The Island of Doubt

Via the ever-vigilant Stoat, I draw your attention to a letter to the Netherlands parliament from by 55 Netherlands scientists. Along with the usual “the science remains sound” defense of our understanding of anthropogenic global warming, it provides some useful perspective:

The writing of IPCC reports and its quality control remains the work of humans. A guarantee for an error free report is an unachievable ideal, however much an error free report is highly desired

Just as a thousand private emails are bound to include a few intemperate remarks and elucidation of wishful thinking, the thousands of pages of reports that draw on 18,000 sources were bound include a few dubious references. Anyone who finds the current error rate (3 or 4, depending on who’s counting) should read Stephen Schneider’s Science as a Contact Sport for insight into just how incredible it is that the IPCC quality control process is a rigorous as it is.


  1. #1 Phil
    February 13, 2010

    What about the global record? Here, you don’t have to take my word for it. A much chastened Phil Jones (the disgraced former Director of the CRU of email fame), in an interview with the BBC on Friday, February 12, 2010, answered a BBC question as follows:

    Do you agree that according to the global temperature record used by the IPCC, the rates of global warming from 1860-1880, 1910-1940 and 1975-1998 were identical?

    An initial point to make is that in the responses to these questions I’ve assumed that when you talk about the global temperature record, you mean the record that combines the estimates from land regions with those from the marine regions of the world. CRU produces the land component, with the Met Office Hadley Centre producing the marine component.

    Temperature data for the period 1860-1880 are more uncertain, because of sparser coverage, than for later periods in the 20th Century. The 1860-1880 period is also only 21 years in length. As for the two periods 1910-40 and 1975-1998 the warming rates are not statistically significantly different (see numbers below).

    I have also included the trend over the period 1975 to 2009, which has a very similar trend to the period 1975-1998.

    So, in answer to the question, the warming rates for all 4 periods are similar and not statistically significantly different from each other.

    So in fact, according to Phil Jones (who strongly believes in the AGW hypothesis) there is nothing unusual about the recent warming either. It is not statistically different from two earlier modern periods of warming. Since these warming periods were before the modern rise in CO2, greenhouse gases cannot have been responsible for those rises.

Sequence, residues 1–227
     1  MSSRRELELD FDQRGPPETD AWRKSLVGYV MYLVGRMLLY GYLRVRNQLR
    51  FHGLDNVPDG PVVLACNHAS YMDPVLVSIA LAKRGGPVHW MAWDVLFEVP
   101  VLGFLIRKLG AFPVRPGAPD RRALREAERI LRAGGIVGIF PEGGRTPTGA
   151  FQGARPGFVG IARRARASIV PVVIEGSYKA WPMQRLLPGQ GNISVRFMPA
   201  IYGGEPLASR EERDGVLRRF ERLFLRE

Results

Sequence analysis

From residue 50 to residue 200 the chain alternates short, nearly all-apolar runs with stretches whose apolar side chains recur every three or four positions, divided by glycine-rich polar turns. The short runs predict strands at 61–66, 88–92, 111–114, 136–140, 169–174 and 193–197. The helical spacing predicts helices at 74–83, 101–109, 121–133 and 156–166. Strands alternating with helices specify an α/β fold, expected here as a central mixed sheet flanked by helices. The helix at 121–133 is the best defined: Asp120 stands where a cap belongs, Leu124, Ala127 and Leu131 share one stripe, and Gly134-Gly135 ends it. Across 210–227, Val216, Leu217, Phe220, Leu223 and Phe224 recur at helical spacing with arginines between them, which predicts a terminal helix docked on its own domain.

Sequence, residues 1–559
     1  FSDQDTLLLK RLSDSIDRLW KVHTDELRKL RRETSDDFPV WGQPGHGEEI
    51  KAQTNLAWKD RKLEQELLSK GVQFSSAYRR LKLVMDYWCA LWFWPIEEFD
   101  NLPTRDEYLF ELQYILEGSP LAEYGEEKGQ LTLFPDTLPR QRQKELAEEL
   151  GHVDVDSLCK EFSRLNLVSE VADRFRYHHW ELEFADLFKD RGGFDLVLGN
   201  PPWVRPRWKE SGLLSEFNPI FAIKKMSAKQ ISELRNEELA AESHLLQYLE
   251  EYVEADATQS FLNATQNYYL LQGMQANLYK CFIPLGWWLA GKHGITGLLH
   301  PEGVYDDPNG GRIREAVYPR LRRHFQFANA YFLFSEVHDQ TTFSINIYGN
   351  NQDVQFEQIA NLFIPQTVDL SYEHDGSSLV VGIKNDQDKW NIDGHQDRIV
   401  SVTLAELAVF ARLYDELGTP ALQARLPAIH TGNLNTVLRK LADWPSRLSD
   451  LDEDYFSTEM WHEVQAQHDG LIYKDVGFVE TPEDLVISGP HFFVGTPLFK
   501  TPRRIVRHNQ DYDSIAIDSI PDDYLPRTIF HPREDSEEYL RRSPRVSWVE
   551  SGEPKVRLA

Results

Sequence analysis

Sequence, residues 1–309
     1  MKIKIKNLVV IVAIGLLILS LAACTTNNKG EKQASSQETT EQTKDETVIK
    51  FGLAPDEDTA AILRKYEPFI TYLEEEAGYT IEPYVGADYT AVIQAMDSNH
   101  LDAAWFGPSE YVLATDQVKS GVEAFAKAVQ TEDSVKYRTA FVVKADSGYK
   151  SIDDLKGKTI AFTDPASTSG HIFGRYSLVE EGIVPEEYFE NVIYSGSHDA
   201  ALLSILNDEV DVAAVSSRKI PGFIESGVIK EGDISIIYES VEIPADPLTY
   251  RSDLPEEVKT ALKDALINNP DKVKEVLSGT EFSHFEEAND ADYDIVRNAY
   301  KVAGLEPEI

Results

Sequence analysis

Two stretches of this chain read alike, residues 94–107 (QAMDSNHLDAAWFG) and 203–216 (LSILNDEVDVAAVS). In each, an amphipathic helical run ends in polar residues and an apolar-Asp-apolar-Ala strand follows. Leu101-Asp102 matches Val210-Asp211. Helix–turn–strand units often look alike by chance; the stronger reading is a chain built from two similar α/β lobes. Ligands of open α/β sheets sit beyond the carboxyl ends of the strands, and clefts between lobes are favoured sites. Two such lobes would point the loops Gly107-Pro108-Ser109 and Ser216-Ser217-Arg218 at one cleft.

So my question remains unanswered … where is the anomaly? Where is the unusual occurrence that we are spending billions of dollars trying to explain?

    The answer is, there is no unusual warming. There is no anomaly. There is nothing strange or out of the ordinary about the recent warming. It is in no way distinguishable from earlier periods of warming, periods that we know were not due to rising CO2. There is nothing in the record that is in any way different from the centuries-long natural fluctuations in the global climate.

    In other words, we have spent billions of dollars and wasted years of work chasing a chimera, a will-of-the-wisp. This is why none of the CO2 explanations have held water … simply because there is nothing unusual to explain.


  2. #2 Marco
    February 13, 2010

    Phil: you fail to notice two things:
    1. Phil Jones notes the inability to explain the warming after 1950, and especially since the 1980s, without taking anthropogenic forcings into account

    2. The IPCC already discussed the warming before 1950, and all those “It’s the Sun, stupid!” suddenly and immediately forget that the sun saw an increase in activity from at least the early 1900s to the early 1970s.

    In short, it *is* unusual to see warming in a period where there is no natural forcing that can explain an increase in temperature. Au contraire, the natural forcings point to *cooling*.

  3. #3 Phil
    February 13, 2010

    “” In short, it *is* unusual to see warming.. “”

    No. You just WANT (and NEED for some reason) it to be unusual. FAIL on your part.


  4. #4 turbobloke
    February 13, 2010

    Given a record that covers 150 years, there are 121 30 year periods that you can choose: what are the odds of finding 4 periods that have comparable trends? Especially if you can choose periods with different lengths, giving you hundreds more options? In other words: cherrypicked.

New comments have been disabled.